Next stop Camden which is pretty but in a rather knowing sort of way with everything painted up just a bit too brightly. Its also somewhere that seems to prefer RV's to park somewhere else. Like Belfast. What parking there is, is clearly aimed at cars and one availale space was signposted "no RVs". We found two spaces on our second pass through and took them. The harbor was busy with pleasure boats, from multimillion dollar luxury cruisers to a tiny little traditional sailboat with a single sail we saw heading out. Someone had carved wonderful faces into the remains of an old jetty, and they stared eerily across the water.

Our campsite was a few miles further on and gave us our last night in Harvey, for a while anyway. We used things up in the fridge in a rather eclectic sort of pasta followed by blueberry pie, which is a Maine staple. Then we had a walk down to the sea at a small overlook. it felt like saying goodbye to this trip in a way. One more family movie on Harv's drop down screen; we all chose Wall-E which is really one of the loveliest things to come out of Hollywood. To the city tomorrow and new lives doing new things, but first, a final day on The Road.

Tuesday, 17 August 2010

Still in Acadia... Mile 3774

We had big plans for today. We would drive over to the eastern side of the island, cycle in the back country, eat at a hidden-away lodge famous for its "popovers" and do a little hike to take in the splendid views. Unfortunately the weather had other ideas. We woke to mist and rain. The Ranger said it was set to last all day and into tomorrow. We considered treating it as a driving day and heading south, but in the end we decided to take it easy, go to the wifi cafe at the other end of the sea-wall, then head over to the classic car museum and maybe go for a lobster supper somewhere. Somehow we didn't do any of that either. The wifi cafe was closed, though the wifi was still on so we sat outside in Harvey and blogged with the last of the batteries in our laptops. Then we set off for the museum in driving rain and somehow ended up doing a big loop which veered off well before the museum and brought us back to within a mile of our campsite.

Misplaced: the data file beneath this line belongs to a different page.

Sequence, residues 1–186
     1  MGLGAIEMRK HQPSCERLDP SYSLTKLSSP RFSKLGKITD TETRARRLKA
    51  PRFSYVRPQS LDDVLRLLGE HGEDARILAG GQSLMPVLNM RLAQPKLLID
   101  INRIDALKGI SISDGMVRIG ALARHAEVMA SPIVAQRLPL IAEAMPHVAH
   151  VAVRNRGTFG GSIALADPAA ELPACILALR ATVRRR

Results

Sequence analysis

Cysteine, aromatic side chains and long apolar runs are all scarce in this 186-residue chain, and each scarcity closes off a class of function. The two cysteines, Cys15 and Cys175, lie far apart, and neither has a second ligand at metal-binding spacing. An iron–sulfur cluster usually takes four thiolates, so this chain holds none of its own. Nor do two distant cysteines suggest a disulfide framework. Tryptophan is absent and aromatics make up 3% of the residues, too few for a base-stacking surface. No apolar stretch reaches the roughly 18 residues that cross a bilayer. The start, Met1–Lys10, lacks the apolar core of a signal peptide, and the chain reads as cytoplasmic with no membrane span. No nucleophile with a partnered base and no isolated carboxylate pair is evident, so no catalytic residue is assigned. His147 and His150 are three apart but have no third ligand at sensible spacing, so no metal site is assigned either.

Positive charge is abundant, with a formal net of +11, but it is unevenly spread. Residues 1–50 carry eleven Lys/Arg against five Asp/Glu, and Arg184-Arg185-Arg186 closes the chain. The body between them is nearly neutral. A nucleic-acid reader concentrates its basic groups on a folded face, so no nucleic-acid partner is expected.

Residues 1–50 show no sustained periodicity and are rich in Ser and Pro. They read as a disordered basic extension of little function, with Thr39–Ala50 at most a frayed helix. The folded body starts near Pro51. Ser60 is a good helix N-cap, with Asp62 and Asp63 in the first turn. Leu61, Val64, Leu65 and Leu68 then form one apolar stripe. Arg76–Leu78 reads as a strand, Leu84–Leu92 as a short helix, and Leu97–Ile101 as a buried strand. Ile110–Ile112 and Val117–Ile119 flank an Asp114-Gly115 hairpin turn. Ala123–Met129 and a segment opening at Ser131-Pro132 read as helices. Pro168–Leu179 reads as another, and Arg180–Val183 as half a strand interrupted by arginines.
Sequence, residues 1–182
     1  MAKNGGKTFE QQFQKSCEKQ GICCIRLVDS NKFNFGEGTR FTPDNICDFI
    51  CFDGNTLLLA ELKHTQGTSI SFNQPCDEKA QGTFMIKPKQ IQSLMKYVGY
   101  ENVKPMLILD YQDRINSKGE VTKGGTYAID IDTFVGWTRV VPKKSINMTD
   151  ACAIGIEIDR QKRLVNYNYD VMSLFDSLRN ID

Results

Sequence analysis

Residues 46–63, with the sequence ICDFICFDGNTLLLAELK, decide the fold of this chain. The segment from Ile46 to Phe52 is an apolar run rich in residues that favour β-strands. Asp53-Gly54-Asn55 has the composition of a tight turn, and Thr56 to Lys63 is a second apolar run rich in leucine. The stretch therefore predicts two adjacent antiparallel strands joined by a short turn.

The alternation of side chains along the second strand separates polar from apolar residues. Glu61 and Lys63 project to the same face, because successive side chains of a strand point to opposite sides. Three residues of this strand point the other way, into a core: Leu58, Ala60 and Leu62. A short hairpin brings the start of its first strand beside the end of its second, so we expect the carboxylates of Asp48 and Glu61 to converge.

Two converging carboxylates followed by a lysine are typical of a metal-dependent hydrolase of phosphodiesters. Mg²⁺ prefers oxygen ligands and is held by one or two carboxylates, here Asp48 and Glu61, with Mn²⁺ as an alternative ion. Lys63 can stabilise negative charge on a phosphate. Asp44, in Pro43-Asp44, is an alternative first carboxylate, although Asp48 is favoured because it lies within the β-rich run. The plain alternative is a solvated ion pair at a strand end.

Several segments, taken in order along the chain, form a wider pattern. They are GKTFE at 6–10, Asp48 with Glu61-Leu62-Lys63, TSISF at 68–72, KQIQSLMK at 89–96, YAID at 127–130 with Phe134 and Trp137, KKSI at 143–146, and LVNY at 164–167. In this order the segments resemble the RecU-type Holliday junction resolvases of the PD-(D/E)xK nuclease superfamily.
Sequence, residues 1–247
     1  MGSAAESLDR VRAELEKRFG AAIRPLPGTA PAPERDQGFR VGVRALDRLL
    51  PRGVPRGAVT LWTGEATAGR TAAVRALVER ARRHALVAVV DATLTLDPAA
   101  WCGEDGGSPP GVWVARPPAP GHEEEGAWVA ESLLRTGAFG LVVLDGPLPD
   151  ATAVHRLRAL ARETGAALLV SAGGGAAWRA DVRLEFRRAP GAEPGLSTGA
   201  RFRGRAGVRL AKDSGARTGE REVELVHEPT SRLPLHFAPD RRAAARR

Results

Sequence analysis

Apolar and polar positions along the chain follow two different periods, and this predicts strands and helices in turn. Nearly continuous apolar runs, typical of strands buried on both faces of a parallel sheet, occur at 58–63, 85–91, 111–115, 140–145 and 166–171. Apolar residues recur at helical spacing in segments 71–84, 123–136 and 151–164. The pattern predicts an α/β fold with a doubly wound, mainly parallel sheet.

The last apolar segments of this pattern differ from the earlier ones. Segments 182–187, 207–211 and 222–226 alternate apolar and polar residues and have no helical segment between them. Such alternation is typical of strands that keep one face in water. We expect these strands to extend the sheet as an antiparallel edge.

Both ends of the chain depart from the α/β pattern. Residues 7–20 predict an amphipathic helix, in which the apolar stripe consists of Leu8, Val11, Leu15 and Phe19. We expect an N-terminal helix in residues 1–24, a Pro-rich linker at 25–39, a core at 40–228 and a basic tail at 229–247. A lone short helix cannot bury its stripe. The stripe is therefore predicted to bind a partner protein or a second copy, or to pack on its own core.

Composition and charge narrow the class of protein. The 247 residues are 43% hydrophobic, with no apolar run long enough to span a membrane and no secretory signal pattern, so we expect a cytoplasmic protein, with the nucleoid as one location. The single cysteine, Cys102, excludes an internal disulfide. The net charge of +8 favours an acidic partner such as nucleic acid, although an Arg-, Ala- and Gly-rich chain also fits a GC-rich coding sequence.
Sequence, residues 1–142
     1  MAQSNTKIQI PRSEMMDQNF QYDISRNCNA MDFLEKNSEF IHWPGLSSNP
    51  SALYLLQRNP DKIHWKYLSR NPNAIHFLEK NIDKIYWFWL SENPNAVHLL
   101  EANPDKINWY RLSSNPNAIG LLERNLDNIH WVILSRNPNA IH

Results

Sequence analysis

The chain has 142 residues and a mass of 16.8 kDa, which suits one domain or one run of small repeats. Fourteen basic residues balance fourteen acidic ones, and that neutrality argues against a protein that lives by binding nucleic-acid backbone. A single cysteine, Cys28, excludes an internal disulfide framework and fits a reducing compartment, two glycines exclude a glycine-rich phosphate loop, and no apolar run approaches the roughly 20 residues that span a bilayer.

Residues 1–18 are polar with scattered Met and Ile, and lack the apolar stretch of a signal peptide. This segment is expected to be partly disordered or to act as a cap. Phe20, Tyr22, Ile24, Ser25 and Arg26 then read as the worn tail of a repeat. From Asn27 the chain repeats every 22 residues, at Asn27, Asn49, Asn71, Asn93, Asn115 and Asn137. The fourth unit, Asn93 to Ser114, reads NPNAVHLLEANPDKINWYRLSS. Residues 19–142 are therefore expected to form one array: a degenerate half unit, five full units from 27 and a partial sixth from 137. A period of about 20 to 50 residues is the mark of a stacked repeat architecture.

Teeth gritted, we pressed on to Bar Harbor and found that just about everyone on the island had done the same and it was seething with moistened tourists. We crawled through town and managed to find a space between all the cars in the RV parking lot. Public information message here: folks, an RV parking lot is for RVs. They are the big caravans with engines. If your car does not look like that, you park somewhere else because you can and we can't. Are we clear..?

We had lunch at a place that was remarkable mainly due to its surly teenage hostess. In fact "surly" credits her with actually having an opinion about those coming in to pay her wages, when in fact she was just so utterly bored that we were like buzzing flies as far as she was concerned. Had it not been pouring with rain outside we would have walked out. But our lip-pierced waiter was a pleasant young chap and wanted to let us know that he too had travelled and enjoyed seeing the world. So all was not lost, but I fear Bar Harbor is heading in that direction.

I'm sure that twenty years ago - maybe less - it was a real place, and it still has a fine harbour and hills rising behind it, but the town seems to have sold its soul to tourism. Souvenir shops line up one after the other selling T shirts and lobster fridge magnets. We bought T-shirts and Tom tried to persuade us to get lobster fridge magnets (we already have some) and we wandered around damply, killing time.

Eventually we walked back through the drizzle and escaped in Harv.

Tom was glued to some new lego as we wound through dark, treelined roads back towards the campsite. We stopped for a cup of tea at the rocky sea wall by the campground to watch the waves crash over the rocks and smell the sea.

On the other side we saw a beaver swim across the pond. That's what Acadia is really about and I'm sorry we haven't had more time to see it. Tomorrow though we will see what the weather is doing and try to find some more wild Maine before heading on to Cambridge and the end of this journey.

Monday, 16 August 2010


Tom did wait until eight and then pulled on his clothes and rushed out. P and I were sitting up in bed having tea when Sophia appeared at our bedside full of conversation. She is a real livewire; cute as a button and with the same kind of bouncing-off-the-walls imagination as Tom. They are friends as if they always have been. Philippa and I put some breakfast things outside and then sat back and waited while the two of them ran around. Eventually Sophy joined us for breakfast and we listened in while the two of them had stream of consciousness conversations. Tom told Sophy about his "gorilla dreams" and she told us about her cousins and the dog that died. "He didn't make it". she said simply.